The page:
- The American-made corn whiskey became known as "bourbon," because it was first made in the original Bourbon County of Virginia (present-day Kentucky). Even though bourbon technically can be made anywhere in the US, the Kentucky area is hailed for its incredibly pure, limestone-filtered water, which naturally removes any metals and minerals that could affect the way the bourbon tastes. About 97 percent of bourbons are made near Bardstown, KY.
- To this day, the US government regulates that bourbon must be made in America from at least 51 percent corn. The rest is malted barley and a flavoring grain — either wheat or rye. It has to be distilled at no higher than 160 proof and must be aged in new, charred-oak barrels for at least two years (to be considered "straight" bourbon). No additives are allowed (not even to change the color), except for pure water to bring down the proof; the bourbon has to be bottled at least 80 proof.
- Lately, bourbon makers are offering small batch or single barrel bourbons for a heftier sum. Small batch bourbons (a term coined by Jim Beam in the '80s) are made by mixing bourbon from several different barrels (though from the same batch) before bottling. For larger distilleries, this could equate to hundreds of barrels. Single barrel bourbon is made from bottling one single cask (aka barrel) of bourbon. The bottle of the bourbon will have the barrel number on the label to distinguish it.
Here's how it's going to work: I'll name a bar beverage, and you'll match it to the right glassware. How well you do might have something to do with how many you've toasted with in your lifetime. Ready to raise a (proper) glass? Then let's get started.Take the Quiz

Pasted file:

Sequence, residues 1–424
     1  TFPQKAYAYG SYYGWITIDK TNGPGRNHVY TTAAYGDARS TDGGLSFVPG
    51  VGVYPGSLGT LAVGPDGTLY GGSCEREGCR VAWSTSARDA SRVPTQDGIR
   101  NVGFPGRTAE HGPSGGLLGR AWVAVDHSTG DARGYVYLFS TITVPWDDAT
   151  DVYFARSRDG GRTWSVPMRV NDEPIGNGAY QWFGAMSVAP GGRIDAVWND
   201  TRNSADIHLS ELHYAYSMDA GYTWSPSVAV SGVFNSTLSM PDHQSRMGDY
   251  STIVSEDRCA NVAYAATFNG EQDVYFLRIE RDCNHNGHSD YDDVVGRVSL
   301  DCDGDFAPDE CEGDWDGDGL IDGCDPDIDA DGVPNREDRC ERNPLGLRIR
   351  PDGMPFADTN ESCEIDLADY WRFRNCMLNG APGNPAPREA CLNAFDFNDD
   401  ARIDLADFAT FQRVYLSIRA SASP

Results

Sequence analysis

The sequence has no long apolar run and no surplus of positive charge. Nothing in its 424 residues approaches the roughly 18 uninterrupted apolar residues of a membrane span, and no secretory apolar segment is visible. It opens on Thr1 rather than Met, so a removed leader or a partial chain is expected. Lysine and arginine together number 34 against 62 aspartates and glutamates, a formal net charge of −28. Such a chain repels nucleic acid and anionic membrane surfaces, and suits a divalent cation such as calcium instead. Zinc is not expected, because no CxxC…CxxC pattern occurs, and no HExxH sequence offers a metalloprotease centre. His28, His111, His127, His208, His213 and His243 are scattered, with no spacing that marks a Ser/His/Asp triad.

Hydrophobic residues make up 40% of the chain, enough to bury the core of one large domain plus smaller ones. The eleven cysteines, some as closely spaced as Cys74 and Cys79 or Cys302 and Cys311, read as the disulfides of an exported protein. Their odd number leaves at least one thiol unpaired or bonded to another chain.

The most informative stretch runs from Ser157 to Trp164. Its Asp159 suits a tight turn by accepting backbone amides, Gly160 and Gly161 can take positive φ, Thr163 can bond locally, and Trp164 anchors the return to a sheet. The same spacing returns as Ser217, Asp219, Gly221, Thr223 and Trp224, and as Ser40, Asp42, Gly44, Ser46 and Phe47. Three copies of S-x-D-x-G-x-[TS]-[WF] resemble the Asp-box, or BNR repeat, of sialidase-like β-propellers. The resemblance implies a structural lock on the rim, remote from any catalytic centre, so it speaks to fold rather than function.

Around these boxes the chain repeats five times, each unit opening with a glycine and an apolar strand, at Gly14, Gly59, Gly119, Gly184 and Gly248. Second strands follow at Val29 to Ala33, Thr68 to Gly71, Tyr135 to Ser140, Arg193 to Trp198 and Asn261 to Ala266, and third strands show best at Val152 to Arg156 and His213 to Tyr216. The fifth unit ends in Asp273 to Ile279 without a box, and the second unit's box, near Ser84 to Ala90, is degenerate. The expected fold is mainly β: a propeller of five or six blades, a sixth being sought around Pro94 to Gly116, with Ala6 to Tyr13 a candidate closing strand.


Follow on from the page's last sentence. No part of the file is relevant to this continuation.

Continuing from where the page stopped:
Don't get us wrong: gin and tonics are great — particularly when employing top-notch ingredients — but gin's versatility lends itself well to a host of enticing cocktails that are more than worth exploring. Click through and try something new. Who knows? You may just find your new signature drink!
Most varieties of gin fall into four general categories:
- London dry gin is what most think of when gin comes to mind. Dry and heavy on the juniper and other botanicals (common additives include citrus peel and coriander, though the options include a host of barks, roots, leaves, flowers, seeds, and berries), it's in many ways similar to an infused vodka. London gins need not be produced in London — most are not — but are instead a style of gin defined by a lack of sugar and juniper-forward flavor. Some sip it on the rocks, but it's most commonly appreciated in cocktails like the martini, negroni, gin and tonic, southside, and a vast variety of others.
- Genever or Dutch gin may be less commonplace than its London dry counterpart, but it actually preceded the spirit and has experienced a revival as of late, with Bols Genever being the most widely available. Smoother and darker in flavor than other varieties, with less of an emphasis on the botanical notes, genever is distilled from either corn, rye, or barley malt, making for a spirit more similar to a light-bodied, botanical-infused whiskey. Try it sipped straight on the rocks, up, or as a substitute for whiskey or moonshine in cocktails — it's particularly great in an old-fashioned.